By Nicole Jones
Occupy brought the movement to San Quentin State Prison on Monday afternoon. Over 600 people peacefully assembled in front of the prison’s East gate to protest prison conditions. The San Quentin rally is just one of the 15 that took place as part of National Occupy Day in Support of Prisoners.
On a stage outside of the prison gate, people spoke about the impacts of imprisonment for people behind bars and their communities. The protesters called for a number of reforms, including the end to the death penalty in California, the three strikes law, the practice of charging juveniles as adults and solitary confinement.
By Jayme Catsouphes
Last night, members of Occupy Oakland gathered at the Grand Lake Theater to discuss the Oakland Police Department’s crowd control policies and their use of force in response to Occupy demonstrations. The meeting was held in place of a similar event that was to be hosted by the Citizen’s Police Review Board, an independent volunteer body comprised of residents of the City of Oakland. Originally scheduled to be held at City Hall, the CPRB event was postponed somewhat last minute.
Protester Zachary Runningwolf and Oakland Police officer Holmgren await a final legal call on whether or not to allow a tee-pee at Frank Ogawa plaza.
By Julia Lundberg
A “new occupation” set off Tuesday at Frank Ogawa Plaza in Oakland: a group of people started up a 24/7 vigil outside City Hall. Kicking things off, a group yesterday attempted to erect a symbolic tee-pee (a conical Native American tent) to remind the public of historic struggles, while also commemorating the former Occupy camp. It quickly became obvious that the city will not allow anything resembling an encampment, as they rushed to stop the protesters. After some legal negotiations, the tee-pee was issued a permit to be erected between 6 am and 10 pm for the coming three days.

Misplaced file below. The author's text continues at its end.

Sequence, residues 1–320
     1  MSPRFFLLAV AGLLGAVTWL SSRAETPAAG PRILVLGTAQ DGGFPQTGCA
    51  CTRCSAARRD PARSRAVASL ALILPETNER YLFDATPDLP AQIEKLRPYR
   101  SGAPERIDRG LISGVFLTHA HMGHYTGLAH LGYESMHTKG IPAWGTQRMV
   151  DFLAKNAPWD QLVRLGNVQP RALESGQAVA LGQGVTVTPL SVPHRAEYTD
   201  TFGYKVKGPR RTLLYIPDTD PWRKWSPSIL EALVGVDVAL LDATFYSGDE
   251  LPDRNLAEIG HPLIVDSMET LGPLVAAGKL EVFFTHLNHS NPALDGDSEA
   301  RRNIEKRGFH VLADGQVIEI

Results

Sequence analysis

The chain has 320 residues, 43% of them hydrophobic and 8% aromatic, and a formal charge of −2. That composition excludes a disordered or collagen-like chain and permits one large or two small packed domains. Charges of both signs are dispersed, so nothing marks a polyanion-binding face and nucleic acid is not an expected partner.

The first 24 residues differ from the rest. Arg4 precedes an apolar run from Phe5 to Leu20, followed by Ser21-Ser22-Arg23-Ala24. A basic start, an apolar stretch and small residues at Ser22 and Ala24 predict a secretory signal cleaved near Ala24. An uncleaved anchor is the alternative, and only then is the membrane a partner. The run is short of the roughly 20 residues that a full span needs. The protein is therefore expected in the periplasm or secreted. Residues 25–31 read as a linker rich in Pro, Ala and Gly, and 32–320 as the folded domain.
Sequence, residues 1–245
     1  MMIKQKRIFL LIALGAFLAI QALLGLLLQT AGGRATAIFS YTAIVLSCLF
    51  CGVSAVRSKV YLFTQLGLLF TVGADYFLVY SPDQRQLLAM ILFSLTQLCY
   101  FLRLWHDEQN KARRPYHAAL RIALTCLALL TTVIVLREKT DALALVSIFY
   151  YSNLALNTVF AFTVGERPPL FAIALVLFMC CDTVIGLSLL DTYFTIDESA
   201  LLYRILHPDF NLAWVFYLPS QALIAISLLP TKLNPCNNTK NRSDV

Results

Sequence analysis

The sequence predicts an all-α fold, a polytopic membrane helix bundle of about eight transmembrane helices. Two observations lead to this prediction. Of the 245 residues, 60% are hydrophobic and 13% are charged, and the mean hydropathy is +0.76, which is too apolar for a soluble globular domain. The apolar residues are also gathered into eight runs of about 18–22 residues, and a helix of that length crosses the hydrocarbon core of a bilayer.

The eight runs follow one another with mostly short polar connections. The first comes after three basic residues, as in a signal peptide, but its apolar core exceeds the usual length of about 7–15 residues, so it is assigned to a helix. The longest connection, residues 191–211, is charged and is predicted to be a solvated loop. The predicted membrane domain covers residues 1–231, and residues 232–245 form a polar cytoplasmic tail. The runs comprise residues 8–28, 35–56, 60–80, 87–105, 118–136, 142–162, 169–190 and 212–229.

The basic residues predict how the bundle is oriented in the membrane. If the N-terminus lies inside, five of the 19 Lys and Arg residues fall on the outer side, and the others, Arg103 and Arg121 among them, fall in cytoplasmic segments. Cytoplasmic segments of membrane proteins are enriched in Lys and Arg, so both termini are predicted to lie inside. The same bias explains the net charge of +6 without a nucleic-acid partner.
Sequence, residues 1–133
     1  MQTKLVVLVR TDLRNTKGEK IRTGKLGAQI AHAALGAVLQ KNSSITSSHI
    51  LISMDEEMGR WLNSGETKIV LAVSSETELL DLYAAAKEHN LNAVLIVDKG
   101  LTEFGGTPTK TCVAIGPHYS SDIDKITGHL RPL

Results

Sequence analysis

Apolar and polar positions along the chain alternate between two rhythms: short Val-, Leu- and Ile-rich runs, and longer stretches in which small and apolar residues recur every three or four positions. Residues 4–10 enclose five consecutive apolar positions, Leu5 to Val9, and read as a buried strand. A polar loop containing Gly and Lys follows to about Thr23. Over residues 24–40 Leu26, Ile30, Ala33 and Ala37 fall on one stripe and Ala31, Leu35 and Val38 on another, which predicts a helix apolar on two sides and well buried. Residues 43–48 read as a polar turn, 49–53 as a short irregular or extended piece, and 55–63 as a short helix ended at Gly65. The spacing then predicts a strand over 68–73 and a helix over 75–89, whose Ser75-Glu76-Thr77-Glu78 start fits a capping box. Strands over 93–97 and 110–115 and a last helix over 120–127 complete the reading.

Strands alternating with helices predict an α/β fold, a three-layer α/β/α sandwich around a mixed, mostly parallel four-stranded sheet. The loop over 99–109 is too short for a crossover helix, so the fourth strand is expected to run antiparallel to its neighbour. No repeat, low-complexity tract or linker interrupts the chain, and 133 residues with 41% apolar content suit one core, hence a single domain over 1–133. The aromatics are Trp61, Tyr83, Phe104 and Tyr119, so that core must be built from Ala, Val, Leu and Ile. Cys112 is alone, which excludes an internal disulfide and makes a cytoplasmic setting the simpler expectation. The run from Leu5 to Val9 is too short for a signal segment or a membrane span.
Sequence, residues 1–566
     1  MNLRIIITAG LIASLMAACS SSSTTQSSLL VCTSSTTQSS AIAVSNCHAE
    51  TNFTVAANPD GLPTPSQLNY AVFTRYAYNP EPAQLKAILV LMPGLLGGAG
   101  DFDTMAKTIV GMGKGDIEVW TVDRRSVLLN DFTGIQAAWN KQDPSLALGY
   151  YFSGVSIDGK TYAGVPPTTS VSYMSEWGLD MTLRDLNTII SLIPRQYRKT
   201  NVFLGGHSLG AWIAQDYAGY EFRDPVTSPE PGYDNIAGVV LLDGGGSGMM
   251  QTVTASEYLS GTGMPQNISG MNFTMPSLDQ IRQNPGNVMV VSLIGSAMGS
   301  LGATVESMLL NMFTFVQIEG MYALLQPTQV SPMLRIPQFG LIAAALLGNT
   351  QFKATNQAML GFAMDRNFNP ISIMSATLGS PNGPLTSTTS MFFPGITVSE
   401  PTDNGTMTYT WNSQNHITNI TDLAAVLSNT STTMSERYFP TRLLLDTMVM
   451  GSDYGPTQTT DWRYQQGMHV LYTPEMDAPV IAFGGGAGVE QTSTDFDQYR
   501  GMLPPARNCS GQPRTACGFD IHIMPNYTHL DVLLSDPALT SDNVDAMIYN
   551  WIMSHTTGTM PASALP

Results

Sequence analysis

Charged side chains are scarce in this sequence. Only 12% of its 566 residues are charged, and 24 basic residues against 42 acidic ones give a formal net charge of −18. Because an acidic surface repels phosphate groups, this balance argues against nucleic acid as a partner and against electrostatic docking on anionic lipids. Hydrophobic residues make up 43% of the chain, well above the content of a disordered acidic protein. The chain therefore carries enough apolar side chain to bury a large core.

Wednesday evening will see more action. The scene for Occupy Oakland’s General Assembly, which typically is held at Frank Ogawa plaza, will instead be at the Fruitvale Bart station. It will be accompanied by a rally to protest what demonstrators call the criminalization and incarceration of people in poor communities, and it is in solidarity with Occupy Phoenix’s attempt to shut down ALEC, America Legisative Exchange Council.
Unidentified law enforcement officers at 13th and Broadway on the morning of November 14, 2011
Section 830.10 of the California penal code requires all uniformed law enforcement personnel in the state to display the officer’s name or identification number on their uniform. In spite of state law, several police officers deployed on mutual aid assistance to Oakland over the past week – and at least one Oakland Police officer – have covered identifying insignia up with tape or body armor.
During the eviction of Occupy Oakland’s Frank Ogawa encampment yesterday, at least four officers in a group of police from San Mateo law enforcement agencies had their shoulder patches, name tags and any other identifying markings covered with riot gear. The officers would not identify their home agency when asked by this reporter and people in the crowd.
Other officers with body armor over their agency insignia and name tags with no identifying markings on their helmet were observed on the night of November 2-3 as police attempted to disperse a crowd of people following Oakland’s General Strike. Photos after the jump.
On last night’s show, we checked in with Oakland Mayor Jean Quan about her decision to dismantle the Occupy Oakland camp in Frank Ogawa Plaza. And we checked in with KALW’s Ali Winston, who’s been covering the movement in Oakland. Transcript after the jump.
A tear gas canister in the middle of 14th and Broadway
The American Civil Liberties Union of Northern California and the National Lawyers’ Guild filed a federal civil rights suit against the Oakland Police Department today alleging repeated violations of OPD’s own crowd control policies and asking for an emergency temporary restraining order against Oakland Police.